One of my 'lecturers' in architecture was Micha Bandini, who asked the memorable question 'what is architecture'? We all fluffed around with answers. She tried to help us by asking if a chair (a 'designed thing') was 'architecture'. We thought not, but I don't think anyone explained why. I don't even recall where the discussion got to, but given MB's arty-philosphy credentials, meaning that people and society figured little in her thinking as far as I could tell, I expect that any definition excluded what buildings are really for. I say 'buildings' because that's what they are. 'Architecture' is a practice, not a thing. It doesn't come in pieces, like chocolate.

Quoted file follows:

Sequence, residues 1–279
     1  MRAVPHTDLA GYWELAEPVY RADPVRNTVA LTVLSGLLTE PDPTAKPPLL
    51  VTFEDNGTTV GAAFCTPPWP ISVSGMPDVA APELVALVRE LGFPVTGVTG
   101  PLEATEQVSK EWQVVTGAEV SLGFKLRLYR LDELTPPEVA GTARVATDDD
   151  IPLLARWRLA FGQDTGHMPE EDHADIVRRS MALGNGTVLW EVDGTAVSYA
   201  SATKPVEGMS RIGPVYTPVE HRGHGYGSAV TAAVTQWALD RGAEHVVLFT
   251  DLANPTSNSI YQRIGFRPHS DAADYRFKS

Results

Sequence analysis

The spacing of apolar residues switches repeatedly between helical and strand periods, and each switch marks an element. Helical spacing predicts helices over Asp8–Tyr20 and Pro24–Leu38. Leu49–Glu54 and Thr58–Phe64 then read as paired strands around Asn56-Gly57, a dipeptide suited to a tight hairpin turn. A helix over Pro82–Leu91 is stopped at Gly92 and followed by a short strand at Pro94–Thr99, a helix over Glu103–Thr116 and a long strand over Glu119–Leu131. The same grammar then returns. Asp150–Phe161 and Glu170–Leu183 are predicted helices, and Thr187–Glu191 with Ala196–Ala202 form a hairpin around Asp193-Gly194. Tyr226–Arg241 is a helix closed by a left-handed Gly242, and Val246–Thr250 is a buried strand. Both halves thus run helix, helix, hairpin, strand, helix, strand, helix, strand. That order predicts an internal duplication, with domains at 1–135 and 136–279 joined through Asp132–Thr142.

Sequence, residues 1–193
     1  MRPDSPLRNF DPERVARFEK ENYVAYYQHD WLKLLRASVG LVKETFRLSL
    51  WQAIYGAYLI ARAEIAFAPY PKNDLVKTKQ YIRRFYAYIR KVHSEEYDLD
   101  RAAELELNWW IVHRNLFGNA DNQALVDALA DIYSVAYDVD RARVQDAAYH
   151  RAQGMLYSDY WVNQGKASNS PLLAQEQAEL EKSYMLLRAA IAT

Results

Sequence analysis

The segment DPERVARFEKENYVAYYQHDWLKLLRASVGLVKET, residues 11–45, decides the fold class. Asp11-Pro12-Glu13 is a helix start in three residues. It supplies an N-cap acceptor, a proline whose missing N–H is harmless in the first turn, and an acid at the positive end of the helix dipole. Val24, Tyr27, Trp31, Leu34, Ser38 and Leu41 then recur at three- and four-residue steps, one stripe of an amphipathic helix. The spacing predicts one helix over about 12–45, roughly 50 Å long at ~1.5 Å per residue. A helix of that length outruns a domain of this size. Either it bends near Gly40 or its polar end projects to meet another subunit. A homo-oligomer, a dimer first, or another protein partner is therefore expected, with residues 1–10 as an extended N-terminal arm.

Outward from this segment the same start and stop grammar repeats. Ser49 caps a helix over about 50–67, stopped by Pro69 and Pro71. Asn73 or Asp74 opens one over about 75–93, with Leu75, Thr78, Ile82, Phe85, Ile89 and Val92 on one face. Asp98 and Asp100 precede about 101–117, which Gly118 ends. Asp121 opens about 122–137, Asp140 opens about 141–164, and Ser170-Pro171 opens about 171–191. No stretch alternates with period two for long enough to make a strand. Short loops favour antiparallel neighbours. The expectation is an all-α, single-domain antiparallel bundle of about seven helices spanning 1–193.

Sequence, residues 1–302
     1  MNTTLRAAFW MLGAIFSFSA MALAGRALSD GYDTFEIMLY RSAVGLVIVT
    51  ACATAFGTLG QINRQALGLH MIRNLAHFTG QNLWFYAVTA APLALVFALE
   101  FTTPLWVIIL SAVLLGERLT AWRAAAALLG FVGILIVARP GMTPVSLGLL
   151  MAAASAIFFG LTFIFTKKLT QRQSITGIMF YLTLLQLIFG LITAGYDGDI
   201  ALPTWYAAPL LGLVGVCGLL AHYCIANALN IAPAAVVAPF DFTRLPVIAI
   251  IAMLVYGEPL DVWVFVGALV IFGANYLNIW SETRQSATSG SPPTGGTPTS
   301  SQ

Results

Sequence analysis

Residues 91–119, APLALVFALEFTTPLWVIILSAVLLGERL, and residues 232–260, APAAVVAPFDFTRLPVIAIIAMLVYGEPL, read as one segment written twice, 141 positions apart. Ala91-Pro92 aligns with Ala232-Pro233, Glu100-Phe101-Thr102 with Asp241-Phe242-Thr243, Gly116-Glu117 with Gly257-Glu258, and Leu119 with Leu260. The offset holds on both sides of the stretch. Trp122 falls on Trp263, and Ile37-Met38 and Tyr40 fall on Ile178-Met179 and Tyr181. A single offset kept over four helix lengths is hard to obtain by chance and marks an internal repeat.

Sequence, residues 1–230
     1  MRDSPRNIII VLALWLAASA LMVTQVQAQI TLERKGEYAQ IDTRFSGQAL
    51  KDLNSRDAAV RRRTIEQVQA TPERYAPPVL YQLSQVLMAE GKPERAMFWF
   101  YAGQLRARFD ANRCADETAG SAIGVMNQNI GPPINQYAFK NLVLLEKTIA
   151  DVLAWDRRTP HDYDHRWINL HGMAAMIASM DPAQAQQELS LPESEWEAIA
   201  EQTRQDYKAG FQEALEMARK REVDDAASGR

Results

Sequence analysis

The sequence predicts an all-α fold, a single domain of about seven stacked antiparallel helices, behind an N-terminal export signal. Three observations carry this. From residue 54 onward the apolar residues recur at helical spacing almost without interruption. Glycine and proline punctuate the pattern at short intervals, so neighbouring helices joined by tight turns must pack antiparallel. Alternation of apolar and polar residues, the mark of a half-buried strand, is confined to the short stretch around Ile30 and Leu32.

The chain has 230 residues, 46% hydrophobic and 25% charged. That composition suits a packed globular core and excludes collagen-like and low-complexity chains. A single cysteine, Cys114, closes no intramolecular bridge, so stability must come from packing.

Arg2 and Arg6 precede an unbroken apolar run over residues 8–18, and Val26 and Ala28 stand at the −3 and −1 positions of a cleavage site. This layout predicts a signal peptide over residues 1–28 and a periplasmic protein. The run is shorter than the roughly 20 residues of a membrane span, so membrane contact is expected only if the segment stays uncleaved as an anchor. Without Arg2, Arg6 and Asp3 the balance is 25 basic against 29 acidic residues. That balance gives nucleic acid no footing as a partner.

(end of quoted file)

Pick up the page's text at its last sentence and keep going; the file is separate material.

I saw a good response to the question in the blog Life of an Architect:
The title of the post reminds me of a misunderstanding of architects' work that abounds in industry and commerce: that we 'draw up' buildings, as though someone else formulates the program, designs and develops it, considers the practicalities, brings the multiple professional disciplines to realise an effective 'socially significant shelter' as well as creates the spaces and enclosing form for meaningful human activity.